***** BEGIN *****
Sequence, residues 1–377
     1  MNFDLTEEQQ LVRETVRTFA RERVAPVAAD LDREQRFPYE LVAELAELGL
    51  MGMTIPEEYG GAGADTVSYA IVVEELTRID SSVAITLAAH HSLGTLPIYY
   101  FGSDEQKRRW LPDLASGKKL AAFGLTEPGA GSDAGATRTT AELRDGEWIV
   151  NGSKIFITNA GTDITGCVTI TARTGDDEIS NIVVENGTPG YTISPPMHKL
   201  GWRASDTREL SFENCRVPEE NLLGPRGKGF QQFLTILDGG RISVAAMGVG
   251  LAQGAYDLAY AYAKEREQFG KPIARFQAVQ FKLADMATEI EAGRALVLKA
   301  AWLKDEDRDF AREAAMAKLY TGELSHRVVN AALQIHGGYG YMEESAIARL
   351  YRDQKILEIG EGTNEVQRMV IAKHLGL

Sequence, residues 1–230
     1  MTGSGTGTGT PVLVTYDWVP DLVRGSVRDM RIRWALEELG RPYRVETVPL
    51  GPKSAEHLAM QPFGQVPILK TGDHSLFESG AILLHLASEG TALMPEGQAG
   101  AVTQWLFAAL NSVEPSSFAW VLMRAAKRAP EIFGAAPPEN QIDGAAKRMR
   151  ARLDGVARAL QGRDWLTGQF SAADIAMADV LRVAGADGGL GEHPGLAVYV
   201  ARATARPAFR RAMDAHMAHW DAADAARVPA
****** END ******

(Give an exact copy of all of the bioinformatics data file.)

Sequence, residues 1–377
     1  MNFDLTEEQQ LVRETVRTFA RERVAPVAAD LDREQRFPYE LVAELAELGL
    51  MGMTIPEEYG GAGADTVSYA IVVEELTRID SSVAITLAAH HSLGTLPIYY
   101  FGSDEQKRRW LPDLASGKKL AAFGLTEPGA GSDAGATRTT AELRDGEWIV
   151  NGSKIFITNA GTDITGCVTI TARTGDDEIS NIVVENGTPG YTISPPMHKL
   201  GWRASDTREL SFENCRVPEE NLLGPRGKGF QQFLTILDGG RISVAAMGVG
   251  LAQGAYDLAY AYAKEREQFG KPIARFQAVQ FKLADMATEI EAGRALVLKA
   301  AWLKDEDRDF AREAAMAKLY TGELSHRVVN AALQIHGGYG YMEESAIARL
   351  YRDQKILEIG EGTNEVQRMV IAKHLGL

Sequence, residues 1–230
     1  MTGSGTGTGT PVLVTYDWVP DLVRGSVRDM RIRWALEELG RPYRVETVPL
    51  GPKSAEHLAM QPFGQVPILK TGDHSLFESG AILLHLASEG TALMPEGQAG
   101  AVTQWLFAAL NSVEPSSFAW VLMRAAKRAP EIFGAAPPEN QIDGAAKRMR
   151  ARLDGVARAL QGRDWLTGQF SAADIAMADV LRVAGADGGL GEHPGLAVYV
   201  ARATARPAFR RAMDAHMAHW DAADAARVPA